“The story started from Holly,” writer and director Dean Kapsalis tells us when we speak about his debut film The Swerve. “It started with a drawing. It was a woman in the supermarket and I wrote ‘midnight at the market’ and then I was like ‘what? where did that come from?’ [haha].”
We’re talking to Kapsalis and The Swerve’s star Azura Skye over the power of Zoom, just after their twistedly deep thriller about a woman who is going through a mental breakdown (or is she?) has closed the FrightFest festival amid critical acclaim. However, it’s clear the film’s journey started long before…
“I grew up around a lot of women, in my family and friends and mothers of friends, with mental anguish – physical or mental – and it never left me,” Kapsalis continues. “It left an impression on me throughout my life. As I moved on in life I was influenced by Greek tragedies, Shakespeare, more movies than I can say, and literature. It all got filtered into this character. So rather than making a film or writing about the topic of mental illness, I wanted to filter through a character that had it, but through my psyche of art. I just started writing around the character and then from life experiences that I’ve had.”
Following the tragic story of Holly, a teacher, mum and housewife who’s simple life becomes anything but when she starts having horrible vivid dreams and visions. But are they just dreams? Just how much of what Holly is seeing is real?
Played with brutal honesty by Azura Skye, Holly is frustrated with her life and her family. Her husband Rob (Bryce Pinkham) is preoccupied with getting a promotion in his job as a manager at a supermarket, while her two sons barely notice her. Things aren’t helped when her estranged sister (Ashley Bell) turns up, making fun of her, and then there’s the mouse – endlessly scratching away in her bedroom and not being tempted with the poison she puts down for it.
“I loved the role. I was just like ‘I have to do this’,” says Skye when we discuss Holly. “That [supermarket] scene – walking barefoot through the supermarket, I was like ‘that has to be me. I have to do that. What do I need to do to make this happen?’. The role really is an actor’s dream. It’s the best role I’ve ever had. It might be the best role I ever have in terms of sinking your teeth into something.”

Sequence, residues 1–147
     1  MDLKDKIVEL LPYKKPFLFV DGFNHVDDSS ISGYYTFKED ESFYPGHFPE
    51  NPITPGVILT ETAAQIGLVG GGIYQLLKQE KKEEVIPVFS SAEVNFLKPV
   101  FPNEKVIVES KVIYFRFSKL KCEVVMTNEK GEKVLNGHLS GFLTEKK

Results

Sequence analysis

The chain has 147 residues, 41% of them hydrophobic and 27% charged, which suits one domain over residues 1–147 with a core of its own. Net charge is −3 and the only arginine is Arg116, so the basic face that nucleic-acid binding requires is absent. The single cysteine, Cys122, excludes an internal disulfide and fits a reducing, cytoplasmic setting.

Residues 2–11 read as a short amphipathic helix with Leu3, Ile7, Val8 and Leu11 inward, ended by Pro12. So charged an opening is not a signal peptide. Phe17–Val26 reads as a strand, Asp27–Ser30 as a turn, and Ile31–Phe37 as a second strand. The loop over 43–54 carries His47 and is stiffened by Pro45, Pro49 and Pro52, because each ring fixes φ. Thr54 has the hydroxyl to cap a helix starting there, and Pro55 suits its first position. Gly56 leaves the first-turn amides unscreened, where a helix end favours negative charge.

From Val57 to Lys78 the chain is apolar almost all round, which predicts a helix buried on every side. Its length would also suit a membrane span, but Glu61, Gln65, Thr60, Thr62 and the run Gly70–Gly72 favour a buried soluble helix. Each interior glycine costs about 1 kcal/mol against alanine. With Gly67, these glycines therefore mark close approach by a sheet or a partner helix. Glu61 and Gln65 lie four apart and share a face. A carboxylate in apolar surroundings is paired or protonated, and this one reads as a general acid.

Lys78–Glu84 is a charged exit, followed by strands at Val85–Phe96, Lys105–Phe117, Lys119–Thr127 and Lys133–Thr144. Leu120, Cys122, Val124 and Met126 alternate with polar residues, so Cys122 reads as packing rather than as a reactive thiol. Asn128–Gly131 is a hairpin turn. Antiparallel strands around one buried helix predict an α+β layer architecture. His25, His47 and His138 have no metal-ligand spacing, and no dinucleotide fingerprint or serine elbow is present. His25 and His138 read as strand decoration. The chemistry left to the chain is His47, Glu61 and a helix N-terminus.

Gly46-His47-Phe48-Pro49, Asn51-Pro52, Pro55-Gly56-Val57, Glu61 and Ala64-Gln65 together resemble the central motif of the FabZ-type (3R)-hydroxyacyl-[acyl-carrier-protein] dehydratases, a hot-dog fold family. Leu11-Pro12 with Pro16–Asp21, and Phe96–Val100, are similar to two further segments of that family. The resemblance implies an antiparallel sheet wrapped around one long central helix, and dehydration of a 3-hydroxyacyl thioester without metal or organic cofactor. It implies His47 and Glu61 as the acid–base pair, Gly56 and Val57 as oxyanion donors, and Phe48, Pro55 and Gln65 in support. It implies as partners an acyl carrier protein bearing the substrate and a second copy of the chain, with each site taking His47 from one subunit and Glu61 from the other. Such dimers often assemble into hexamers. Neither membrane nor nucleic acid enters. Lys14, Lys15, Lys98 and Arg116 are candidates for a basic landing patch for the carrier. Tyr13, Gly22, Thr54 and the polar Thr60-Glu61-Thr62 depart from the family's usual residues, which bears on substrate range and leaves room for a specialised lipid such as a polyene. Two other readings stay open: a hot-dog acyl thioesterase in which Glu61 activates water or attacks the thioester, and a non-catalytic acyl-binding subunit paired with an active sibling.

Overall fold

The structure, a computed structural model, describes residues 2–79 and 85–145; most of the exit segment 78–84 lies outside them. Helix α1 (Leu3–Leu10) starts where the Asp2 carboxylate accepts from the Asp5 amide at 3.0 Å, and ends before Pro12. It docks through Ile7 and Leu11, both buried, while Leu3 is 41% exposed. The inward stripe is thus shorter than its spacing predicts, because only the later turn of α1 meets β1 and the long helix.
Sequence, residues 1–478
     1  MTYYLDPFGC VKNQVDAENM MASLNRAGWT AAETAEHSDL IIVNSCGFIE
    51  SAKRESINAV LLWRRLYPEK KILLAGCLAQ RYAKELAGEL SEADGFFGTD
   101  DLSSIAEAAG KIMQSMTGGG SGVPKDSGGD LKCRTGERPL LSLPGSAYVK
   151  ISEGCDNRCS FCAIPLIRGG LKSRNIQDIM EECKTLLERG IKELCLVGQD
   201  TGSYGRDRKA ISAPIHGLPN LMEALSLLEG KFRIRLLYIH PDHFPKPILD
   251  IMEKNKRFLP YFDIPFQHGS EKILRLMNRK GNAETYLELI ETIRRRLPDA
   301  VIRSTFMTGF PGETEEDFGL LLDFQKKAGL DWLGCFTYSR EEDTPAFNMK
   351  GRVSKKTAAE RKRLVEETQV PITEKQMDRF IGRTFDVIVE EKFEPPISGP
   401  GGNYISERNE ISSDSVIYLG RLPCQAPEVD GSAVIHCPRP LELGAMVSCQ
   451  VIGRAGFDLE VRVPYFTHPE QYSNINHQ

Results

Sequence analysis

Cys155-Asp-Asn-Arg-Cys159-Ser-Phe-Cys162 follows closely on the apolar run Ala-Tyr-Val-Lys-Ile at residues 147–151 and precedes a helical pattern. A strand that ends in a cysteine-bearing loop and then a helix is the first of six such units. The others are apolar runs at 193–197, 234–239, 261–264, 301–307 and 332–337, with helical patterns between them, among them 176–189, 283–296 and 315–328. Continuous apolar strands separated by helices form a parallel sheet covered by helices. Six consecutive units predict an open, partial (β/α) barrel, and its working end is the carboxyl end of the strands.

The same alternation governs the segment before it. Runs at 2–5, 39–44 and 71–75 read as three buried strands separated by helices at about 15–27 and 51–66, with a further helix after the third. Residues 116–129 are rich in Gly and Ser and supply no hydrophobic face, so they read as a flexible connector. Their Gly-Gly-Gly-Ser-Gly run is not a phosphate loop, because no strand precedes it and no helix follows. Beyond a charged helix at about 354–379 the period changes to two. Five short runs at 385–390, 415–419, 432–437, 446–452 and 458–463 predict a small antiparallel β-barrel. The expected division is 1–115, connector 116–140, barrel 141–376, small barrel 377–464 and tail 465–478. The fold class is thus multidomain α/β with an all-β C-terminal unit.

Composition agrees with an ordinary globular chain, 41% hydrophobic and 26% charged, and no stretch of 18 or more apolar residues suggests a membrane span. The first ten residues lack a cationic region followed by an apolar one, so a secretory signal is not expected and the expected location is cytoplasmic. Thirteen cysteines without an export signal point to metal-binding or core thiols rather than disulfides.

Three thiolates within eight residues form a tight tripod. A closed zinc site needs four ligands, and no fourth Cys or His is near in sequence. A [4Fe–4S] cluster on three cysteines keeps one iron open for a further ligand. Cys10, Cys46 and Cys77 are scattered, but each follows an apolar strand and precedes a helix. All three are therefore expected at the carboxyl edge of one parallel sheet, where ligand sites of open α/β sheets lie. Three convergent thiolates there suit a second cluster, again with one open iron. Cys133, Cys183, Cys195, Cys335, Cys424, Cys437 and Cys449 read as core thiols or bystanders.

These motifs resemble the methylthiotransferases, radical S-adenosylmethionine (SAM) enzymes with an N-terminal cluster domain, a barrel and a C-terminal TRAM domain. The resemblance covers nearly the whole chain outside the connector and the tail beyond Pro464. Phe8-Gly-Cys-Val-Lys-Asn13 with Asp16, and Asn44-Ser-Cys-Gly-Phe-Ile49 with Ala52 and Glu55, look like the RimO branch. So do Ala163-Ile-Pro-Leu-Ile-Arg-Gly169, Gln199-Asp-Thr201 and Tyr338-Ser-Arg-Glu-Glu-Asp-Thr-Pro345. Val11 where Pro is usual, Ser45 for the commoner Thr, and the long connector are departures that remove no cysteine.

Holly is suffering from insomnia, the medications of insomnia and perhaps a mental breakdown. She’s desperately trying to keep things together – cooking intricate dishes for a family that doesn’t seem to notice and suffering from a potential mental illness; the plastered-on smile disappearing as soon as she’s left alone. It’s a real character study and a role that Azura clearly relished getting in to.
“I’ve had some amazing opportunities in my career, but I’ve also had a lot of jobs where it’s just blocking – you know, it’s like “stand here and he comes in and you do the thing and you say a thing”,” Skye says. “It’s fun, and it’s great and I’m always grateful to have the job, but it’s rare that you have something this juicy and this meaty to immerse yourself in. It was a wild ride. I mean, Lady Macbeth would have killed to have played Holly, right? [haha]”
“Wow,” says Kapsalis. “She’s one of my favorite heroines, so I take that as a huge compliment!”
Indeed, Holly is every bit as complex as Lady Macbeth. She’s as tragic a hero as they come. Though like with all tragic heroes, she’s sure to conjure up a number of conflicting feelings when it comes to her character, which is exactly what you want in a deep characterisation film like The Swerve. Who wants a cardboard cut-out protagonist?!
“I feel like when I started in this business everyone used to talk about likable characters like: ‘Oh, she has to be likable [or] no one will care about her, no one will watch if he or she isn’t likable’,” Skye continues. “I’m glad to see that we’re really getting away from that because there really isn’t such a thing as a likable or an unlikable character because we’re all mixes. We all have likable things about us, and unlikable things. You can be a good person and mean well, and can be deeply flawed.